Monday, February 18, 2013

Tea Time!

Although non-herbal tea is assumed to have great health benefits due to the antioxidants, it also contains caffeine, which pregnant women are often encouraged to eliminate or cut down on during pregnancy. The average cup of non-herbal tea contains about 40-50 milligrams of caffeine. Decaffeinated non-herbal tea does still contain a bit of caffeine, however the amount is usually only about .4 milligrams.

You can do-it-yourself a decaf tea!
Caffeine is the first substance released into the water during steeping (this occurs within the first 25 seconds). To decaffeinate your favorite tea, steep the leaves or bag for 30 seconds, dump the water, then refill your cup with hot water and steep again. Most of the caffeine will be removed.

Herbal teas are naturally caffeine free, so caffeine is not an issue when consuming this type of tea, but some herbal teas are still unsafe when you’re expecting; these include PMS, diet, cleansing and detoxification teas, as well as those with the herbs black cohosh, blue cohosh, dong quai and others.

Here is a list of recommended safe teas during pregnancy:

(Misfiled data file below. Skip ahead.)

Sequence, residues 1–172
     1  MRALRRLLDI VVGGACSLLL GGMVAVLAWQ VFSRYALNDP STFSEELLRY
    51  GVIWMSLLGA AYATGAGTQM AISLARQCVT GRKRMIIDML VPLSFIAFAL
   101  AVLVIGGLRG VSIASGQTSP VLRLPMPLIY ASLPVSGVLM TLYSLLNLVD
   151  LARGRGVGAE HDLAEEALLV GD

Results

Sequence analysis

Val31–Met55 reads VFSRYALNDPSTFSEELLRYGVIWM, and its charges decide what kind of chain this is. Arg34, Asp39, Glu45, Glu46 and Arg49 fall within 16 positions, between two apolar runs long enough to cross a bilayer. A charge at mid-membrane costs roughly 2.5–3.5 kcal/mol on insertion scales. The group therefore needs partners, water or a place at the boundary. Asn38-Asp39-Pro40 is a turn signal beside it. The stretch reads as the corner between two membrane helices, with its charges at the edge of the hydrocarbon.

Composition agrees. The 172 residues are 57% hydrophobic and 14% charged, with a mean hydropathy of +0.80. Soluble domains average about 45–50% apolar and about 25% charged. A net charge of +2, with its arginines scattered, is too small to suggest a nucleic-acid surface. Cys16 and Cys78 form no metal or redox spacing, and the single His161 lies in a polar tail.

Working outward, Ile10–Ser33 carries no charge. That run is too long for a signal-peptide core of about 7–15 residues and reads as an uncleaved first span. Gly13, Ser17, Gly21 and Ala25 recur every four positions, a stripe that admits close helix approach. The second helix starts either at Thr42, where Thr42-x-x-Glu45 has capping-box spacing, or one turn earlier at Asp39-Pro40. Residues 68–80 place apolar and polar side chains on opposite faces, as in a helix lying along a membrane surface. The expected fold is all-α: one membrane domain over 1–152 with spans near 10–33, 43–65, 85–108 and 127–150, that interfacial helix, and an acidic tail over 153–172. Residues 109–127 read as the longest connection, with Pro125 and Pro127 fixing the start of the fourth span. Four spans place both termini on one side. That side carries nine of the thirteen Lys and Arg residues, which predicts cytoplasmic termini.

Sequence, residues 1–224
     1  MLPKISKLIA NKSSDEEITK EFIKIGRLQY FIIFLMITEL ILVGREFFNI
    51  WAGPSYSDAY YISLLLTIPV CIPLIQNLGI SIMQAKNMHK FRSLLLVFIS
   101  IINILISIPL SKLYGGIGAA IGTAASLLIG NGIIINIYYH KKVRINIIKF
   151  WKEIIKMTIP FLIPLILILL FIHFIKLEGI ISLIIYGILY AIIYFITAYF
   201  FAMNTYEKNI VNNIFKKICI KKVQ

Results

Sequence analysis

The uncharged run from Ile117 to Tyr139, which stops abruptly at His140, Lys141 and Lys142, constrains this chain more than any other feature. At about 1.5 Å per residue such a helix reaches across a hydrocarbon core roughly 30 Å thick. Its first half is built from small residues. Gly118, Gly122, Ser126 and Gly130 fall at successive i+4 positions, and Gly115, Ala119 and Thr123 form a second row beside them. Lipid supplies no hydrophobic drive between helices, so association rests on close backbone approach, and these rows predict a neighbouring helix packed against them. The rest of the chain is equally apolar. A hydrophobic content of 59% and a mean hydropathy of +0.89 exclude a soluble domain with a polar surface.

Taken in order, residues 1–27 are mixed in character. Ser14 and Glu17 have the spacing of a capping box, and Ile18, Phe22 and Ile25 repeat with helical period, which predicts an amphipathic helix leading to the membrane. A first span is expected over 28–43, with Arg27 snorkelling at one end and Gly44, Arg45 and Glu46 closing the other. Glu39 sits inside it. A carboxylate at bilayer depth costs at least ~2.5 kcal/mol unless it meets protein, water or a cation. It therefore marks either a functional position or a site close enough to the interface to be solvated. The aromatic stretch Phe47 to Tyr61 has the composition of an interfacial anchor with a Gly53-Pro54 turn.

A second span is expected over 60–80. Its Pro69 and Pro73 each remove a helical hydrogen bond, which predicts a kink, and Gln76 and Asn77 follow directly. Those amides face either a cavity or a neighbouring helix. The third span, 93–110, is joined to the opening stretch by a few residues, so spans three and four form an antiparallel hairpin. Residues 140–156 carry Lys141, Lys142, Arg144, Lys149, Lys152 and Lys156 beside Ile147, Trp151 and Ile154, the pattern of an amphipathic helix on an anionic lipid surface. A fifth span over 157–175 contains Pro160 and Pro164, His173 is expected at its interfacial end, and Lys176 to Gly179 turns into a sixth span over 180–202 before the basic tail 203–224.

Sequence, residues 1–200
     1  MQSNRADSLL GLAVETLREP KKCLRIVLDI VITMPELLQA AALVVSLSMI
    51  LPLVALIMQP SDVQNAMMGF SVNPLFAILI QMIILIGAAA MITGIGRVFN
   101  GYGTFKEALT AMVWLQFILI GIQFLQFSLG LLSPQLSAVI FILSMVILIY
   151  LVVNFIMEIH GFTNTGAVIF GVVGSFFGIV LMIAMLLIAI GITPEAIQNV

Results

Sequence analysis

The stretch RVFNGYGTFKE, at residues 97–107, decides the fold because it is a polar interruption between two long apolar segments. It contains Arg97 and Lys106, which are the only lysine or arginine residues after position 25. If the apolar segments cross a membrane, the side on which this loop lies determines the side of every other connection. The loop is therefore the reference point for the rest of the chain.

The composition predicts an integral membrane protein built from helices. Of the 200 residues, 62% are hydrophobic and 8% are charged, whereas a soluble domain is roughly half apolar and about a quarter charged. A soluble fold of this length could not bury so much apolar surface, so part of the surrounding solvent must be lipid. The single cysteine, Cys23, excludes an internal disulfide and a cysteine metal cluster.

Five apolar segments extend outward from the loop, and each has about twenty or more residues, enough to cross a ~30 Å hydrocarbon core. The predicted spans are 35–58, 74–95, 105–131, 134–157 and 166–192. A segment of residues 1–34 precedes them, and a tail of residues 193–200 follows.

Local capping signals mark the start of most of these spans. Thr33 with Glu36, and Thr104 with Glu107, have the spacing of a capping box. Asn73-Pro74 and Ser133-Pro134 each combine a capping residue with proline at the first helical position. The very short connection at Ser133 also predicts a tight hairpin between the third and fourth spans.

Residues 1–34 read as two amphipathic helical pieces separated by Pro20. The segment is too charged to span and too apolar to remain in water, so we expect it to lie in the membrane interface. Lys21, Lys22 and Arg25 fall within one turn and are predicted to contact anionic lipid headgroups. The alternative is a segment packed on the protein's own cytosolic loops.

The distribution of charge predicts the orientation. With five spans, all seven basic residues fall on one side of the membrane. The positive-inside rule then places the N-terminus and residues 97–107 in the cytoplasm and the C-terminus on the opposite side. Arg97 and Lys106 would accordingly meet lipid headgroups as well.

Nettle Leaf (also known as stinging nettles) is an herb commonly found in pregnancy teas and recommended by many herbalists and midwives. It’s a fabulous source of vitamins and minerals, including iron, vitamins A, C and K, and potassium. However, make sure any nettle tea you drink uses dried leaves, not root (the label should list nettle leaf), and don’t drink too much, especially in the first trimester, because of its stimulating effect on the uterus. However, it is safe to drink throughout the second and third trimesters. You can steep your own by adding an ounce of dried nettle leaf to a quart of boiling water.

Lemon Balm Has a calming effect and helps relieve irritability, insomnia, and anxiety.

Red raspberry Leaf Tea is a common tea consumed by pregnant women. Most of the benefits that are attributed to Red Raspberry Leaf tea are traced to the nourishing source of vitamins and minerals found in the plant and to fragrine (an alkaloid which gives tone to muscles of the pelvic region and the uterus itself). It is safe to drink throughout the second and third trimesters, though there is some contention as to whether it is completely safe during the first trimester.

Ginger Root and Peppermint Leaf are helpful in relieving nausea/morning sickness and flatulence.

Always check with your doctor before drinking any herbal teas.

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